The co-operative produces just 5 kg gold per year, but nevertheless has the potential to significantly benefit many people in the local community through better conditions through certification. It is expected that Fairtrade and organizations like Cred Jewellery will support the miners, ensuring their gold can be refined and made available to jewellers in the UK and other markets.

Gonzaga Mungai, Gold Manager at Fairtrade Africa said: “This is a truly momentous and historical achievement and the realisation of a dream that is many years in the making. Gold production is an important source of income for people in rural economies. Congratulations to SAMA, it sets a precedent which shows that if groups like this can achieve certification, then it can work for others right across the African continent.”

The Fairtrade Gold Standard encourages better practice and changes to come in line with international regulation around the production and trade of so-called ‘conflict minerals’. Under the Standard, miners are required to:

  • Uphold a human rights policy preventing war crimes, bribery, money laundering and child labour
  • Clearly represent where the minerals were mined
  • Minimise the risks of conflict minerals through robust risk assessments and collaboration across supply chains
  • Report to buyers and trading partners regarding the risks of conflict minerals

Now in its second phase, the programme will focus on supporting other mining groups in the region to access affordable loans and explore a phased approach to accessing the Fairtrade market, allowing more mining co-operatives across Africa to participate in the programme.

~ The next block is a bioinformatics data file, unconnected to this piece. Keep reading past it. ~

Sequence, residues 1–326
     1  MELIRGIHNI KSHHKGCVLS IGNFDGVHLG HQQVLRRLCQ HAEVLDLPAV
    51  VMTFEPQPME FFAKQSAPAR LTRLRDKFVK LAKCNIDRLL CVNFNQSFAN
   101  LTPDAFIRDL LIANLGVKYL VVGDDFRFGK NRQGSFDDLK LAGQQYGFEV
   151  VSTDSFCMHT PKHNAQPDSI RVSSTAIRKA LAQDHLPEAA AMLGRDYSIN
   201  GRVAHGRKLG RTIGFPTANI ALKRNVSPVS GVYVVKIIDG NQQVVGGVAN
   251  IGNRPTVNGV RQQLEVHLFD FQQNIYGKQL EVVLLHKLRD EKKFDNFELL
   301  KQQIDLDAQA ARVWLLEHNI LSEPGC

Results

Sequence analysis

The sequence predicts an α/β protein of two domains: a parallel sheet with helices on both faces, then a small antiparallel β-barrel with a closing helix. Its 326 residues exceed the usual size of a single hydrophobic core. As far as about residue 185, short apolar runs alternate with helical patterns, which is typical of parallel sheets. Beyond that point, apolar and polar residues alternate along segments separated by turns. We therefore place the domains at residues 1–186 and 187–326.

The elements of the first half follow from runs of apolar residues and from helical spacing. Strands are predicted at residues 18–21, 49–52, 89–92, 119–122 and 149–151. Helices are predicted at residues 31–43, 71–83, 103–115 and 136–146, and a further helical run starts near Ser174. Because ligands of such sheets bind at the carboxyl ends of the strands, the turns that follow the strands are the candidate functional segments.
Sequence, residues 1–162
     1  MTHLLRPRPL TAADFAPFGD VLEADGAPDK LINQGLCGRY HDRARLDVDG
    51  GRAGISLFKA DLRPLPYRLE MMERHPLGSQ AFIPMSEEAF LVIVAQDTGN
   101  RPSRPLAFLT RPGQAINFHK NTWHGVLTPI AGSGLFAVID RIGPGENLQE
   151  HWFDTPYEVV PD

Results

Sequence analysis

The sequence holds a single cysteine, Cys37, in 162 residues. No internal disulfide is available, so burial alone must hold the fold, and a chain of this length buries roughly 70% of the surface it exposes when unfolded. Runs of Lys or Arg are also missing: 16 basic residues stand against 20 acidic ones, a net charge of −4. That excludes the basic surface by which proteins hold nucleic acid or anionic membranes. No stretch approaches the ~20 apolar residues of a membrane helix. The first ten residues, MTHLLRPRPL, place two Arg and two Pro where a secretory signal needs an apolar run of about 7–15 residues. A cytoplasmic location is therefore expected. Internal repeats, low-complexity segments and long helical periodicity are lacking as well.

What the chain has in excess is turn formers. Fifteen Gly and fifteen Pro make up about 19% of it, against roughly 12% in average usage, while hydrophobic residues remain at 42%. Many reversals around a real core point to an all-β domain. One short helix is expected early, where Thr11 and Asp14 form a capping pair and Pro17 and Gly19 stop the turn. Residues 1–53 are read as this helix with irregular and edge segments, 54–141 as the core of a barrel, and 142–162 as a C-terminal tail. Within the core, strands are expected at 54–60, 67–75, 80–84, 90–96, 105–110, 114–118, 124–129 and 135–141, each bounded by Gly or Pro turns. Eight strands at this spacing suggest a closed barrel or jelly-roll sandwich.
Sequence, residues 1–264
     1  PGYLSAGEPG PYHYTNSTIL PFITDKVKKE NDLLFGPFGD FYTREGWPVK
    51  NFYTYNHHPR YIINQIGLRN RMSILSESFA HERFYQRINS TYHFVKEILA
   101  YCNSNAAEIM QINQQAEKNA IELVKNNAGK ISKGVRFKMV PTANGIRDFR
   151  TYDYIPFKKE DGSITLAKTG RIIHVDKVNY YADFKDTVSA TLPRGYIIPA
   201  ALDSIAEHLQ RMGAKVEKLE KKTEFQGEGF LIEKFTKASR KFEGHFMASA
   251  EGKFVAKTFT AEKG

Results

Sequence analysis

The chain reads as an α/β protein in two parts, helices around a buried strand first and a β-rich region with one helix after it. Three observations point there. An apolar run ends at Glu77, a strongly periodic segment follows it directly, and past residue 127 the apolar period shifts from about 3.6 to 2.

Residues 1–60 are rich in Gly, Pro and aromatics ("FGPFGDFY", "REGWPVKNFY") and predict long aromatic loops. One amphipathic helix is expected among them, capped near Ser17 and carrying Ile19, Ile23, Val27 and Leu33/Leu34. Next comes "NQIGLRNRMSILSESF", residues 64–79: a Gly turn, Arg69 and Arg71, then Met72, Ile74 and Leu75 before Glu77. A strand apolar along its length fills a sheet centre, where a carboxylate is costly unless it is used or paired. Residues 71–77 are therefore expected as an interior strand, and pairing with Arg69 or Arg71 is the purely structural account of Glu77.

Gonzaga added: “Sourcing African metals from smallscale miners in the Great Lakes Region is the responsible thing to do. For a long time companies have avoided buying gold from this region, with devastating consequences for impoverished communities who were already struggling. It has driven trade deeper underground, as unscrupulous buyers pay lower prices and launder illegal gold into legitimate supply chains. That’s why we have chosen to work with these groups to help them earn more from their gold within a robust compliance system that offers social, environmental, and economic protections.”

The Fairtrade gold programme offers a small but scalable solution to sustainable sourcing of gold from the region in line with Section 1502 of the Dodd-Frank Act in the US, OECD Due Diligence Guidance and recent EU Supply-Chain Due Diligence proposals which could come into effect in 2016. This means that up to 880,000 EU firms that use tin, tungsten, tantalum and gold in manufacturing consumer products could be obliged to provide information on steps they have taken to identify and address risks in their supply chains for so-called ‘conflict minerals’.